01/22/21 (S) L&C, JUD 03/10/21 (S) L&C AT 1:30 PM BELTZ 105 (TSBldg) 03/10/21 (S) -- MEETING CANCELED -- 03/12/21 (S) L&C AT 1:30 PM BELTZ 105 (TSBldg) WITNESS REGISTER SENATOR PETER MICCICHE Alaska State Legislature Juneau, Alaska POSITION STATEMENT: Sponsor of SB 9. LEE ELLIS, President Brewers Guide of Alaska; President, Midnight Sun Brewing Company Anchorage, Alaska POSITION STATEMENT: Testified in support of SB 9. ROBIN MINARD MatSu Health Foundation Wasilla, Alaska POSITION STATEMENT: Testified in strong support of SB 9. EVAN WOOD, Co-owner and Co-founder Devils Club Brewery Juneau, Alaska POSITION STATEMENT: Testified in support of SB 9. SARAH OATS, President Alaska Cabaret Hotel Restaurant and Retailers Association Anchorage, Alaska POSITION STATEMENT: Testified in support of SB 9. TIFFANY HALL, Executive Director Recover Alaska Anchorage, Alaska POSITION STATEMENT: Testified in support of SB 9. JEANNE REILLY Reilly's Irish Pub Anchorage, Alaska POSITION STATEMENT: Testified in full support of SB 9. SCOTT JORDAN, Director Division of Risk Management Department of Administration (DOA) Juneau, Alaska POSITION STATEMENT: Presented SB 88 on behalf of the administration. SENATOR TOM BEGICH (via Teams) Alaska State Legislature Juneau, Alaska POSITION STATEMENT: Sponsor of SB 11 BRIX HAHN, Staff Senator Tom Begich Alaska State Legislature Juneau, Alaska POSITION STATEMENT: Presented the sponsor statement and sectional analysis for SB 11 on behalf of the sponsor. DAVE SHAFTEL, representing self Anchorage, Alaska POSITION STATEMENT: Testified in support of SB 11. MATHEW BLATTMACHR Peak Trust Company Anchorage, Alaska POSITION STATEMENT: Testified in support of SB 11. ACTION NARRATIVE 1:29:47 PM CHAIR MIA COSTELLO called the Senate Labor and Commerce Standing Committee meeting to order at 1:29 p.m. Present at the call to order were Senators Gray-Jackson, Revak, Stevens, and Chair Costello. CHAIR COSTELLO reviewed the agenda. SB 9-ALCOHOLIC BEVERAGE CONTROL; ALCOHOL REG 1:30:26 PM CHAIR COSTELLO announced the consideration of SENATE BILL NO. 9, "An Act relating to alcoholic beverages; relating to the regulation of manufacturers, wholesalers, and retailers of alcoholic beverages; relating to licenses, endorsements, and permits involving alcoholic beverages; relating to common carrier approval to transport or deliver alcoholic beverages; relating to the Alcoholic Beverage Control Board; relating to offenses involving alcoholic beverages; amending Rule 17(h), Alaska Rules of Minor Offense Procedure; and providing for an effective date." 1:31:12 PM SENATOR PETER MICCICHE, sponsor of SB 11, Alaska State Legislature, Juneau, Alaska, summarized that the goal of the legislation is to modernize the Title 4 alcohol statutes with changes that improve the processes for public safety, public health, and the industry. 1:32:12 PM CHAIR COSTELLO opened public testimony on SB 9. 1:32:24 PM LEE ELLIS, President, Brewers Guide of Alaska; President, Midnight Sun Brewing Company, Anchorage, Alaska, stated that it has taken nine years of hard work to come to consensus on what the modern alcohol laws should look like. SB 9 is the best work of 120 different stakeholders from public health, law enforcement, and the wholesalers, retailers, and manufacturers in the alcohol industry. He said modernization is critical for the industry, as is streamlining licensing, and enhancing the privileges of craft breweries. He encouraged the committee to move the bill. 1:34:17 PM ROBIN MINARD, MatSu Health Foundation, Wasilla, Alaska, stated that the foundation supports SB 9 because it represents a multiyear, multi-stakeholder partnership with the alcohol industry to promote the responsible use of alcohol by adults, reduce underage consumption, support better enforcement of Alaska's alcohol laws, and have a healthy industry. She thanked the committee and asked that they move the bill forward because it has health benefits for all Alaskans. 1:36:00 PM EVAN WOOD, Co-owner and Co-founder, Devils Club Brewery, Juneau, Alaska, agreed with previous testimony that it has been a long journey to arrive at SB 9. He said it is a rare opportunity to have all the stakeholders on the same page in support of the legislation in its current form. The past year has been onerous and he believes that passing the bill in an expedited manner would be alleviating for the industry. 1:37:32 PM SARAH OATS, President, Alaska Cabaret Hotel Restaurant and Retailers Association (CHARR), Anchorage, Alaska, stated that Alaska CHARR is the state's trade association that represents many of the 2000 liquor licenses statewide. She said that after many years, stakeholders reached consensus on a thoughtful draft of alcohol regulatory reform. There was agreement among public health, public safety, state and municipal regulatory bodies, and the three industry tiers. SB 9 captures that consensus. MS. OATS said Alaska CHARR fully supports SB 9 and urges the committee to pass the legislation, which will provide long-term regulatory certainty. She described the impact the pandemic has had on the industry and emphasized that SB 9 provides the opportunity to move forward with a better regulatory system and for Alaska's second largest industry to thrive. The changes include the penalty modifications for violations to ensure fair and consistent enforcement of alcohol laws; expedited application processes; and statutes that make it easy for industry members to understand their legal privileges, restrictions, and expectations. 1:40:34 PM TIFFANY HALL, Recover Alaska, Anchorage, Alaska, stated that for many years Recover Alaska has worked hand in hand with other public health and safety proponents, all levels of the alcohol industry, as well as local, municipal and community leaders. She cited data to show that Alaska struggles with many problems associated with alcohol. Alaskans die at rates three times the national average and alcohol costs the state $2.4 billion, 709 million of which is lost productivity. Other costs include health care, criminal justice, traffic collisions, and social services. MS. HALL said Recover Alaska supports SB 9 for its positive health and safety provisions that are largely evidenced-based practices. These practices will work to reduce underage drinking, increase public safety by reducing alcohol related violence and crime, and will reduce alcohol related deaths. Further, the bill will provide clarity and education for the Alcohol and Marijuana Control Office and licensees, which will make it easier for everyone to follow and enforce Title 4 laws. She said all stakeholders can agree on this bill. 1:42:46 PM JEANNE REILLY, Reilly's Irish Pub, Anchorage, Alaska, stated that the industry has come together with the Brewers Guild and the beverage dispensary licensees in a fantastic compromise after many years of debate. She voiced support and hope that the bill would move forward. 1:43:50 PM CHAIR COSTELLO closed public testimony on SB 9 after discerning that nobody else wished to comment. SENATOR STEVENS asked the sponsor to remind the committee what SB 9 does to control substance abuse. SENATOR MICCICHE answered that the bill will help by clarifying the way licensees operate and by providing funding for additional enforcement. Under current law, many infractions that are misdemeanors are neither enforced nor prosecuted. SB 9 changes those infractions to violations with an associated fine. The penalty is immediate and does not require extensive court time. The bill also links the license holder to the violation when a server overserves somebody or serves a minor. Along with this, there is funding for education so licensees know how to comply with the rules. He noted that part of the education outreach includes the new marijuana rules. CHAIR COSTELLO found no further questions and solicited a motion. 1:46:42 PM SENATOR REVAK moved to report SB 9, work order 32-LS0124\B, from committee with individual recommendations and attached fiscal note(s). 1:46:54 PM CHAIR COSTELLO found no objection and SB 9 passed from the Senate Labor and Commerce Standing Committee. 1:47:04 PM At ease 1:48:57 PM CHAIR COSTELLO reconvened the meeting and invited the sponsor to make closing remarks. SENATOR MICCICHE said many people worked on this bill and significantly improved it in the process. He thanked the committee for moving the bill and for the help in past years to improve the bill. SB 88-STATE INSUR. CATASTROPHE RESERVE ACCT. 1:49:53 PM CHAIR COSTELLO announced the consideration of SENATE BILL NO. 88, "An Act relating to the state insurance catastrophe reserve account; and providing for an effective date." She listed the individuals available to answer questions and stated the intent is to hear the introduction and hold the bill. 1:50:38 PM At ease 1:52:26 PM CHAIR COSTELLO reconvened the meeting and asked Mr. Jordan to present SB 88. 1:52:43 PM SCOTT JORDAN, Director, Division of Risk Management, Department of Administration (DOA), Juneau, Alaska, delivered a PowerPoint to present SB 88. He displayed highlighted portions of Sec. 37.05.289, the Catastrophe Reserve Account (CATFund) that was enacted in FY88. The key points are that the fund was established to cover unanticipated costs related to the state's self-insurance program; the fund has a $5 million cap; and no more than $5 million may be retained in the fund. MR. JORDAN turned to the list of expenditures from the CATFund since its inception. Over the last 33 years, the state has spent approximately $149 million from the fund, or about $4.5 million per year. He noted that the chart has several columns but he was focusing on the column showing Total Expended on the far right. 1:54:52 PM He turned to the chart and line graph of the 10-year history of property premiums and/or losses from FY10-FY20. The Property Premiums column, highlighted in blue, reflects a little more than $2 million paid in FY 10 and $5.1 million in FY 20. He referred to the line graph on the right. It shows a sharp increase from FY 11 to FY 12 and another market driven increase in FY 18 and FY 19. He explained that the hardening reflects a lack of capacity in the global market to pay catastrophic claims and this causes premiums to rise. MR. JORDAN directed attention to the Property Losses column highlighted in orange. It reflects about $13 million in property losses that the CATFund paid over the same 10-year period. The line graph is relatively flat except for the $4 million loss due to the fire at the Crystal Lake Hatchery in March 2014. The subsequent spike in FY 20 was due to $1.26 million paid in claims from the November 30, 2018 earthquake in Anchorage and the $1 million payment when a DOTPF maintenance shop in McGrath collapsed from snow load. 1:56:44 PM MR. JORDAN turned to the charts on slide 4 and explained that he included them to show all the expenses that go along with the premiums the state pays for excess insurance. The top chart reflects $39 million in property premiums from FY 10 to FY 20. The lower chart reflects a little over $80 million paid for aviation, marine, property, and bonds. He noted that property premiums are about half of overall premium payments each year. MR. JODAN turned to slide 5 that lists the larger claims paid out of the Catastrophic Reserve Account. These were: head2right AMJS LeConte Grounding May 2004 $1.187 million head2right F&G Crystal Lake Hatchery fire March 2014 $4.078 million head2right Alaska Aerospace Kodiak Launch Facility rocket explosion August 2014 $1.513 million head2right PFAS claims starting in November 2017 $5.877 million head2right Earthquake related claims November 2018 $1.263 million 1:58:12 PM SENATOR STEVENS asked if he agreed that other insurance paid much more than the state's $1.5 million payment for the rocket explosion at the Kodiak launch facility. MR. JORDAN agreed. He said the claim was about $34 million; the state's insurer paid about $17 million and the launch customer paid the other $17 million. SENATOR STEVENS expressed appreciation for the explanation. 1:59:00 PM MR. JORDAN turned to the Lapse Appropriations Summary on slide 6 that shows the funding for the Catastrophic Reserve Account. He explained that any money that Risk Management has left at the end of a fiscal year is swept into the CATFund. If that doesn't fill the fund to the $5 million cap, they look to the UGF lapse appropriation funds. He restated that the purpose of SB 88 is to allow the state to be self-insured for property coverage. The state already has a good record of self-insuring for workers' compensation and general liability and wants to add property coverage because premiums increased 30 percent for FY 21 and the expectation is that they will increase another 15 percent to 20 percent for FY 22. The $5.1 premium in FY 20 will be about $7.6 million in FY 22. Increasing the $5 million unencumbered cap on the CATFund to $50 million unencumbered cap will allow the state to equal the $50 million limit it can buy for catastrophic coverage from the market. He described it as a safety net that will save the additional $2.5 million the state currently pays for insurance and allow better control over claims. CHAIR COSTELLO said a sectional is not necessary. 2:02:24 PM SENATOR REVAK asked how the division decided on the $50 million cap. MR. JORDAN said the market currently limits catastrophic coverage to $50 million. The idea is for the state to step away from the property market completely and self-insure. CHAIR COSTELLO asked the reason that he mentioned coverage for earthquakes and floods but not fires. MR. JORDAN replied this would incorporate fire loss for state buildings but the state historically has not had large fire losses. The fund has been able to handle all the losses so far except for earthquake and flood. The concern is a catastrophic loss. 2:05:01 PM SENATOR STEVENS asked if the fund covers state-owned buildings like the Capitol. MR. JORDAN answered yes; the fund covers all state-owned property assets. CHAIR COSTELLO asked what other states have for insurance caps. MR. JORDAN replied it varies by state and runs the gamut but because of the tremendous market increase, the trend is for states to have self-insured programs. CHAIR COSTELLO asked if the Division of Risk Management in Department of Administration (DOA) interacts with the Division of Insurance in the Department of Commerce, Community and Economic Development (DCCED). MR. JORDAN answered that he speaks with Director Wing-Heier occasionally, but because the Catastrophic Reserve Account (CATFund) is a self-insured program, there isn't a lot of interaction. 2:07:27 PM CHAIR COSTELLO referred to the language on page 1, lines 7-8 that talks about "an amount that the commissioner of administration determines to be necessary". She asked if that would be a formal communication so the legislature is aware of the amount or if it would show up on a ledger. MR. JORDAN replied the amount that the commissioner determines is necessary comes from what the Division of Risk Management says is needed to bring the CATFund up to the $5 million cap. 2:08:28 PM CHAIR COSTELLO found no further questions and advised that she would hold SB 88 for further consideration. 2:08:58 PM At ease SB 11-COMMUNITY PROPERTY TRUSTS 2:10:31 PM CHAIR COSTELLO reconvened the meeting and announced the consideration of SENATE BILL NO. 11, "An Act relating to community property and to community property trusts; and providing for an effective date." 2:11:01 PM SENATOR TOM BEGICH, Alaska State Legislature, Juneau, Alaska, Sponsor of SB 11, (via Teams), stated that SB 11 is similar to Senate Bill 91 that former Senator John Coghill introduced in the last legislature. He agreed to reintroduce the legislation when he realized that it clarifies the meaning of "increment appreciation" as intended by legislation passed in 1997. That was House Bill 199 and the sponsor was Representative Joe Ryan. He quoted testimony from 1997 that described the basis of the value of an asset when a partner dies. Any appreciation of that on behalf of the estate of the person who died has no tax liability. He emphasized that the original legislation recognized appreciation in the valuation of assets in an estate and SB 11 clarifies that and corrects the ambiguous interpretation of the original law. 2:14:38 PM At ease 2:15:16 PM CHAIR COSTELLO reconvened the meeting and asked Ms. Hahn to continue her testimony. 2:15:22 PM BRIX HAHN, Staff, Senator Tom Begich, sponsor of SB 11, Alaska State Legislature, Juneau, Alaska, read the following sponsor statement for SB 11 into the record: [Original punctuation provided.] Alaska is a state with favorable trust laws, and beneficial laws for community property ownership between spouses. The state allows for "opt in" community property ownership between married couples. Community property ownership can provide tremendous tax advantages to these couples. In Alaska, residents and nonresidents alike can enter into Alaska community property trust agreements. These agreements benefit the individuals entering them, the trust industry of Alaska, banks that hold associated deposits, and through revenues generated by the formation of a new trust, the state. Community property is simply a way to own joint property. A common way to enter into a community property agreement is with your spouse. Each party must elect into this agreement and the agreement provides, most commonly, equal ownership and management of specific property. Currently, community property has a significant tax advantage. When your spouse dies, community property is placed into a tax category that allows for tax advantages when the property in question is sold. To realize these advantages, appreciation and income in a trust must be characterized as community property. The default rule has been that appreciation and income on community property will be characterized as community property, unless specifically declared in a community property trust. Trust attorneys have attested to this interpretation, but recent court rulings have created an ambiguous understanding of this general norm. This legislation is consistent with industry understandings of trusts and seeks to clearly define community property to include appreciation and income on community property. Senate Bill 11 establishes a clear definition of appreciation and income on community property, as intended by original drafters and The Community Property Trust Act. This bill also has a retroactive effective date of May 23, 1998. 2:17:45 PM MS. HAHN presented the sectional analysis for SB 11. Section 1. Clarifies AS 34.77.030(h), by affirming legal intent to ensure appreciation and income in community property trusts are in fact community property unless expressly otherwise stated in legal trust documents. Section 2. Provides that AS 34.77.030(h) is retroactive to community property trust agreements entered into after May 23, 1998 and defines "community property trust" consistent with statute. Section 3. Adds as a new uncodified law of the State of Alaska, a savings clause and asserts that Sec. 2 of this act does not impact court actions or proceedings that began before the effective date, or a community property rights accrued before the effective date. Section 4. Adds as a new uncodified law of the State of Alaska retroactivity to AS 34.77.030(h). Section 5. Establishes retroactivity through May 23, 1998. 2:18:43 PM At ease 2:19:15 PM CHAIR COSTELLO reconvened the meeting and moved to invited testimony 2:19:33 PM DAVE SHAFTEL, representing self, Anchorage, Alaska, stated that SB 11 corrects a long-standing problem in the statutes that has become a trap for the unwary when drafting community property trusts. He reminded the members that the tax purpose is that when one spouse dies, both halves of the community property basis step up to the fair market value. He said this unusual rule applies only to community property states and it keys on appreciation of the property being the default rule. 2:23:17 PM Unfortunately, he said the 1998 act was drafted to create the opposite default rule and appreciation is not included as part of the community property. Over the last 20 years, many attorneys have said in the trust document that appreciation is part of the community property, but some have been unaware and appreciation is not included as part of the community property. He characterized SB 11 as a correction of a drafting error to make appreciation part of Alaska's Community Property Act. 2:25:40 PM SENATOR STEVENS asked if this includes investments held as community property. MR. SHAFTEL answered yes; it includes any type of property held as community property. SENATOR STEVENS commented that it appears that the bill would be advantageous to all people, not just the wealthy. MR. SHAFTEL replied it is important to anyone who wants to own property jointly and take advantage of reducing income tax for the surviving spouse. CHAIR COSTELLO asked if the bill would increase the estate tax liability. MR. SHAFTEL answered no. 2:28:08 PM MATHEW BLATTMACHR, Peak Trust Company, Anchorage, Alaska, stated agreement with the previous testimony. He said this is a widely used financial planning technique for Alaskans. The original intent of the Community Property Act was to include appreciation and income and SB 11 clarifies that original intent. He encouraged the committee to support the bill. CHAIR COSTELLO noted who was available to answer questions. Finding no questions, she thanked the sponsor. 2:29:39 PM CHAIR COSTELLO held SB 11 for future consideration. 2:30:45 PM There being no further business to come before the committee, Senator Costello adjourned the Senate Labor and Commerce Standing Committee meeting at 2:30 p.m.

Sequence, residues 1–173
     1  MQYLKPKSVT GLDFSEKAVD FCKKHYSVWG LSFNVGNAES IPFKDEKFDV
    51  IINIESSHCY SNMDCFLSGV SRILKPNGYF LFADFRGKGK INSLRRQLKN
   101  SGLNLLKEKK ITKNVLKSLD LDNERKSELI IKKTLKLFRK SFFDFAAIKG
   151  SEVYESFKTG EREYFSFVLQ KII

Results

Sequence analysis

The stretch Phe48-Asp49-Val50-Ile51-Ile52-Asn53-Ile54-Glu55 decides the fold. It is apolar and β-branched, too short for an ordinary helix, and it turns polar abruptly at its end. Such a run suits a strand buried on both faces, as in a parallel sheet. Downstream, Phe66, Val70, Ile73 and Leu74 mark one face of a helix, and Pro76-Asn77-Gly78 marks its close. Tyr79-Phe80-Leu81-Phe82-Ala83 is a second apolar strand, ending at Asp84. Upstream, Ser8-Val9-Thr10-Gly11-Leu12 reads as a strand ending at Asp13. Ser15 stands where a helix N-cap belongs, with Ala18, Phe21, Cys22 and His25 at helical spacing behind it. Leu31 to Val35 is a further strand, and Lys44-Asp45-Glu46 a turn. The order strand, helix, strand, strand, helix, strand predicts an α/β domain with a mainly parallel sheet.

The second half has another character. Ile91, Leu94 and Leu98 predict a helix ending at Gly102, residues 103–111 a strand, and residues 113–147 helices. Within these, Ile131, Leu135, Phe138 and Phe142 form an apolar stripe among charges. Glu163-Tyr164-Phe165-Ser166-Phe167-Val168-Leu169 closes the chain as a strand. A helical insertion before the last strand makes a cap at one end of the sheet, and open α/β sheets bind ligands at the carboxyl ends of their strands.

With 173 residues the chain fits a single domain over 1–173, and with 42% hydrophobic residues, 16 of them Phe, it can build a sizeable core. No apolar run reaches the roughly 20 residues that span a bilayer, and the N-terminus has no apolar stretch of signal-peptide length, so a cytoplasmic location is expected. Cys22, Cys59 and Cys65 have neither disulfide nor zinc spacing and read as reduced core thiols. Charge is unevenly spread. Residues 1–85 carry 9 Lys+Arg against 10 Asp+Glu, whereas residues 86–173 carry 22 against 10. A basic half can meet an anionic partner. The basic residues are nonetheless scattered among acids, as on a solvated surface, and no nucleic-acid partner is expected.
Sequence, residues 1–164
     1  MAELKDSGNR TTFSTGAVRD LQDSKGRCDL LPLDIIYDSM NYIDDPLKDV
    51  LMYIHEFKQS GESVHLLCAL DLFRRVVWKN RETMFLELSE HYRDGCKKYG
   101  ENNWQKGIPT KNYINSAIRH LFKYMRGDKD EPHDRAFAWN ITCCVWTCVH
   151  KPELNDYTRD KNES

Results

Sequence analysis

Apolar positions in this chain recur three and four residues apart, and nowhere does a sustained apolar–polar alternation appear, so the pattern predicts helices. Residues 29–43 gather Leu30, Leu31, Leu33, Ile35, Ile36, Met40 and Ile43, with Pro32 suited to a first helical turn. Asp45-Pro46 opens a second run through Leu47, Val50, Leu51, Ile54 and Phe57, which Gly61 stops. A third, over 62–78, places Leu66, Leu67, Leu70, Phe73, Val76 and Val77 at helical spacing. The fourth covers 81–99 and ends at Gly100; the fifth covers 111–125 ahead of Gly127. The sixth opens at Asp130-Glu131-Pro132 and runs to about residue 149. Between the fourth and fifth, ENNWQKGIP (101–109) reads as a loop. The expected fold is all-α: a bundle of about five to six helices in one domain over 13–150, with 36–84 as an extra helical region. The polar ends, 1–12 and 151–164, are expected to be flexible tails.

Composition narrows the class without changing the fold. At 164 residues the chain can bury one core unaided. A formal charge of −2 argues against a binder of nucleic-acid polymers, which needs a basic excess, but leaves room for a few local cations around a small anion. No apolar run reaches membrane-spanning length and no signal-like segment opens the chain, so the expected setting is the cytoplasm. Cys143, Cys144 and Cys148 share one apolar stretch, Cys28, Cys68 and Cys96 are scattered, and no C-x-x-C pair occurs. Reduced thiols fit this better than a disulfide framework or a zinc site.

Document Name Date/Time Subjects
SB 9 Fiscal Note ACS.pdf SL&C 3/12/2021 1:30:00 PM
SB 9
SB 9 Opposition Mat-Su Borough.pdf SL&C 3/12/2021 1:30:00 PM
SB 9
SB 88 v. A.pdf SL&C 3/12/2021 1:30:00 PM
SB 88
SB 88 Transmittal Letter.pdf SL&C 3/12/2021 1:30:00 PM
SB 88
SB 88 v. A Sectional Analysis.pdf SL&C 3/12/2021 1:30:00 PM
SB 88
SB 88 Fiscal Note 1.pdf SL&C 3/12/2021 1:30:00 PM
SB 88
SB 88 Presentation 3.12.21.pdf SL&C 3/12/2021 1:30:00 PM
SB 88
SB 11 v. I.pdf SL&C 3/12/2021 1:30:00 PM
SB 11
SB 11 Sponsor Statement.pdf SL&C 3/12/2021 1:30:00 PM
SB 11
SB 11 v. I Sectional Analysis.pdf SL&C 3/12/2021 1:30:00 PM
SB 11
SB 11 Supreme Court Phillips Decision.pdf SL&C 3/12/2021 1:30:00 PM
SB 11
SB 11 Supporting Document LISI Article.pdf SL&C 3/12/2021 1:30:00 PM
SB 11
SB 11 Supporting Document Community Property Trust Act.pdf SL&C 3/12/2021 1:30:00 PM
SB 11
SB 11 Fiscal Note ACS.pdf SL&C 3/12/2021 1:30:00 PM
SB 11
SB 11 Letter of Support Cavaliere Law Firm.pdf SL&C 3/12/2021 1:30:00 PM
SB 11
SB 11 Letter of Support Foley & Pearson.pdf SL&C 3/12/2021 1:30:00 PM
SB 11
SB 11 Letter of Support McNabb Law.pdf SL&C 3/12/2021 1:30:00 PM
SB 11
SB 11 Letter of Support OConnor Law.pdf SL&C 3/12/2021 1:30:00 PM
SB 11
SB 11 Letter of Support Peak Trust Company.pdf SL&C 3/12/2021 1:30:00 PM
SB 11
SB 11 Letter of Support Shaftel Delman.pdf SL&C 3/12/2021 1:30:00 PM
SB 11
SB 11 Letter of Support Stephen Greer.pdf SL&C 3/12/2021 1:30:00 PM
SB 11